Around a week or so before your period, you may start experiencing the physical and emotional symptoms that go to make up PMS. It’s not really known why we do, but professionals think it’s likely connected to the hormones involved in your menstrual cycle, especially the fluctuating levels of oestrogen and progesterone.

Changes in these hormones’ levels can lead to changes in serotonin levels ‒ the hormone that stabilises mood, feelings of well-being, and happiness. It’s also the hormone that controls our sleep cycles and appetites. 

Low levels of serotonin have been linked in the past to feelings of sadness, irritability, trouble sleeping, and unusual food cravings. All of these are also famously associated with PMS, so you can start to see where your feelings, needs, and wants keep coming from in the run-up to your days!

It’s also possible to feel a little bit moodier before your period because of two related conditions:

  • Premenstrual dysphoric disorder (PMDD), which is like PMS but has more severe symptoms. This can include intense mood swings that interfere with everyday life
  • Premenstrual exacerbation, which is when the symptoms of a preexisting condition (like anxiety, depression, or bipolar disorder) become worse in the weeks or days that lead up to your period

Keeping in control of your moods and symptoms

These mood changes might happen because of the hormones involved in the menstrual cycle, but that doesn’t mean you can’t manage them. There are a few things you can do to help keep in control of your moods and some of your other symptoms:

Track your cycle and look for patterns

By keeping an eye on your menstrual cycle and jotting down the emotions you’re experiencing and when, you can confirm if any particularly intense moods you’re feeling are linked to your phases. Knowing this is fantastic validation, but it’s also great to keep things in perspective if you ever find yourself upset or annoyed over something really small.

Finding patterns over your last few cycles and having a clear, detailed record is also handy if you need to speak to your doctor. It’ll help you to feel more confident about bringing the subject up if you think there’s a problem, and it’ll help your doctor to get a better understanding of what might be going on.

The easiest way to keep track of your symptoms is to install an app on your phone where you can write in your symptoms, but you can also print out or make your own chart, complete with all the days of the month and a list of symptoms you’re likely to experience. You can then check off these symptoms on the days you’ve experienced them to see if you notice certain patterns and specific symptoms happening regularly.

Going on hormonal birth control

Hormonal birth control is often just what you’ll need to take care of emotional symptoms. It can also help with physical symptoms like bloating or breast tenderness. 

However, it’s also possible that hormonal birth control will make emotional symptoms worse, so you might have to try out different types to see which one suits you best.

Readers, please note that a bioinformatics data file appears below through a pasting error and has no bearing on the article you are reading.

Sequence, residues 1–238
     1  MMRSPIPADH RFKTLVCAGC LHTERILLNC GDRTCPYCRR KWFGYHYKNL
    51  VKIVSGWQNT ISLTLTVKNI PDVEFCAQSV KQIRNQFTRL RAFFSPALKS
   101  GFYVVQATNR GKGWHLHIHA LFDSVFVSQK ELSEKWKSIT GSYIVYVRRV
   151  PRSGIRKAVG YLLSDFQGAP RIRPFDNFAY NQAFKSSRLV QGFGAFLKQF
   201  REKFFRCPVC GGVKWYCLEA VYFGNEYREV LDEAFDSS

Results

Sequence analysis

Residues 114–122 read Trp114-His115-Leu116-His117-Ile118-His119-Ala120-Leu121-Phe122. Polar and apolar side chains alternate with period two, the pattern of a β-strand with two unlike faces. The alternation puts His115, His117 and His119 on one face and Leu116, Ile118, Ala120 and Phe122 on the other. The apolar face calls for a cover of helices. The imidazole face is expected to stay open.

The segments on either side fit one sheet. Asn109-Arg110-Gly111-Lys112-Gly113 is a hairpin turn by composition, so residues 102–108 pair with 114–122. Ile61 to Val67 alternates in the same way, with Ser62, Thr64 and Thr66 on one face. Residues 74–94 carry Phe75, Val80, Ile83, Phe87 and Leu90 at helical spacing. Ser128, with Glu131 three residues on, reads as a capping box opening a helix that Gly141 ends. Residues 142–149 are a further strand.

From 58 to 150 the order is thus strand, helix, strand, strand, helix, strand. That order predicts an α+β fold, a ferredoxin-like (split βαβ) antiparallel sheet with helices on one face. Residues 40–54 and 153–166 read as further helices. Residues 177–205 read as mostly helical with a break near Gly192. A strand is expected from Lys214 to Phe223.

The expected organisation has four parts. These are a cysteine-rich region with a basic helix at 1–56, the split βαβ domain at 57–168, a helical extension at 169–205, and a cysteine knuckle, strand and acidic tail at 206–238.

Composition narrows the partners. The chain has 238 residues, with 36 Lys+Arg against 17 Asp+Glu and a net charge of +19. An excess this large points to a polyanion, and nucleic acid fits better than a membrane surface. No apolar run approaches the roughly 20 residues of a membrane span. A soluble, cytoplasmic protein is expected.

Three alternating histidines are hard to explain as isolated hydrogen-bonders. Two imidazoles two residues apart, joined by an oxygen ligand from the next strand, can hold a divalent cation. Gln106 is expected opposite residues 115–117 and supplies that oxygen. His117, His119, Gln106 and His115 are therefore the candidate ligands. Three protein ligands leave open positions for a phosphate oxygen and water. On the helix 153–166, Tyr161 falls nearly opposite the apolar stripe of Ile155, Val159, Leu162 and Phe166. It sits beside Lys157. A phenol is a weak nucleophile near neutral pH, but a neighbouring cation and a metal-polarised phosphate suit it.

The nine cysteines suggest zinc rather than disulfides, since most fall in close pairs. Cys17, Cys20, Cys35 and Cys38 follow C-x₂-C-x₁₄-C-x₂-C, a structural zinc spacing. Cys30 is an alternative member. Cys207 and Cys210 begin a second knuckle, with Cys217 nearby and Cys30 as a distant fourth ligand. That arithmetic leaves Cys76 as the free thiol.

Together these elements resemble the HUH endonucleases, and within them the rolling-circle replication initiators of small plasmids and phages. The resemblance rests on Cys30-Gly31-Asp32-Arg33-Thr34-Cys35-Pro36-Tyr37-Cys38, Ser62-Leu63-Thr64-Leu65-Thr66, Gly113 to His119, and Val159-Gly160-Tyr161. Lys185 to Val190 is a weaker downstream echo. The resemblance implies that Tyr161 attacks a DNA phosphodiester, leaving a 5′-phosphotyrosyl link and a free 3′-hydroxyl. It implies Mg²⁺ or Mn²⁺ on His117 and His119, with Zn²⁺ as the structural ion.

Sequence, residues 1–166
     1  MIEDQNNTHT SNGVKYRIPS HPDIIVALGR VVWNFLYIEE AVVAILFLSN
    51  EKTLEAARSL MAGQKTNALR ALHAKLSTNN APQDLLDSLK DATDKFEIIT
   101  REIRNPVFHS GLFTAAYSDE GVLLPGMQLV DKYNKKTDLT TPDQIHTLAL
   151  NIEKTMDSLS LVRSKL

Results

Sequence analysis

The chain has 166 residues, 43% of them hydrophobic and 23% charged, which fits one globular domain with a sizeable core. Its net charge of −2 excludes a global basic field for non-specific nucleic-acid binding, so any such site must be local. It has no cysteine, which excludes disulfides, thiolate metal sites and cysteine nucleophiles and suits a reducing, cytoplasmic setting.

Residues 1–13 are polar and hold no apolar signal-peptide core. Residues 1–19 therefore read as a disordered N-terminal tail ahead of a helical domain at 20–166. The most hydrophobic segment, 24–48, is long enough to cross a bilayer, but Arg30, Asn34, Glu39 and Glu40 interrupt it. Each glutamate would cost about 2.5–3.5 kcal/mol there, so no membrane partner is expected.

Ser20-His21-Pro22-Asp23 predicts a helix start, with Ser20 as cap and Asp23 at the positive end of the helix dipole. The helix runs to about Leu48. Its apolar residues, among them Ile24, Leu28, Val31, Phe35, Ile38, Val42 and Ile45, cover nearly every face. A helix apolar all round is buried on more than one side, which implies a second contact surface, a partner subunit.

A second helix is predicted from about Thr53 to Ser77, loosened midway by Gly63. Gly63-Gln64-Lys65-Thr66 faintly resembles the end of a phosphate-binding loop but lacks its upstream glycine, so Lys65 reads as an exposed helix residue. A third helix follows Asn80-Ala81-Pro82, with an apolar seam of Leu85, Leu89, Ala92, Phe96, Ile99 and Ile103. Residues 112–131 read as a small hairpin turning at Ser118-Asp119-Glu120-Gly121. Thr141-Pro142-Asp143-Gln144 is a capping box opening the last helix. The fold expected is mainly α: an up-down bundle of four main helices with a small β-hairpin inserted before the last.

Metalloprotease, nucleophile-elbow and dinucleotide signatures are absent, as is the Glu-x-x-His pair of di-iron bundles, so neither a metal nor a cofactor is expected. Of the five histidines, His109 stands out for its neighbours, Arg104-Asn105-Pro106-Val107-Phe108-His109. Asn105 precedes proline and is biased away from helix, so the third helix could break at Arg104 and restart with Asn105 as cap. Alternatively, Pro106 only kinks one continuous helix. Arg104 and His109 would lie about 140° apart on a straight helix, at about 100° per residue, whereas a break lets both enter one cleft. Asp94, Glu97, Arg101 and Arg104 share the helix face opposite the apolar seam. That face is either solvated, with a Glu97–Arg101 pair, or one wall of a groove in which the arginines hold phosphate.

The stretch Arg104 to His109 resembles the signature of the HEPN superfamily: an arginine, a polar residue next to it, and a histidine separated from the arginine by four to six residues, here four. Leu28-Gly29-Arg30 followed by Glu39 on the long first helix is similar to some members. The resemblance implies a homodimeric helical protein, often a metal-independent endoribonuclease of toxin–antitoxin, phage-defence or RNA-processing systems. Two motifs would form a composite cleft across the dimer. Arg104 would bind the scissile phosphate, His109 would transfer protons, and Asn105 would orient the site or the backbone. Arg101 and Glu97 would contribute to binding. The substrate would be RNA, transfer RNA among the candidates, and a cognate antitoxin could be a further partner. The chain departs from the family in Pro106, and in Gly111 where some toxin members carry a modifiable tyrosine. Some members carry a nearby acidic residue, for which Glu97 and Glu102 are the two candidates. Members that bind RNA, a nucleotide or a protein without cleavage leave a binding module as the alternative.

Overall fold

Natural foods and remedies

Certain vitamins and supplements have been found to help take the edge off mood swings related to PMS. Calcium, for example, was found in a clinical trial to help with the sadness, anxiety, and irritability that are all often related to menstrual symptoms. It can be taken in tablet form, but if you’d prefer to make something tasty to help tackle your cravings at the same time, you can also find calcium in:

  • Leafy green vegetables
  • Cereal
  • Orange juice
  • Nuts and seeds 

There are a lot of foods out there that could help you manage your period symptoms, including bloating and cramping. If you’d like some friendly advice and a few ideas on where to start with meals and snacks to get you through your more delicate days, take a look at our page on foods that help with period cramps.

Changing your lifestyle 

Making changes to few different lifestyle factors has been linked to helping PMS symptoms in the past, including:

  • Getting at least 30 minutes of exercise every day, which has been said to help with more intense feelings of sadness and irritability
  • Getting around 7 or 8 hours of sleep a night, especially in the two weeks leading up to your period
  • Resisting cravings for junk food. This doesn’t mean cutting it completely, though; it means balancing it out with healthier foods to help keep you full and to avoid drops in your blood sugar levels
  • Managing stress with breathing exercises, meditation, or yoga

Taking medication

If other treatment options aren’t helping, you may want to talk to your doctor about getting medication prescribed to help with your moods during your period. They’ll be able to offer the advice and support you’re looking for, while finding the best one for your symptoms.

Helping you prepare for the start of your new cycle 

We totally get that you want to be ready for your period, and every other part of your cycle, whenever it comes around again. We might not be able to help with hormonal changes, but we can supply super-soft, ultra-absorbent period pants to support you and get you through your phases with that little bit of extra flair!

Our leak-proof, moisture-wicking collections are all designed to hold between half and 5 whole tampons’ worth of flow (depending on the style), so you’ll have all the coverage you need to stay fresh and secure while feeling fabulous as soon as you’ve chosen. They’re all totally discreet, too ‒ they look and feel just like regular underwear!

No matter what kind of cycle you’re having, our undies can be there to help. Pick out your perfect pairs today and try them on for size! We’ve even got a 60-day money-back guarantee if you’re not completely satisfied.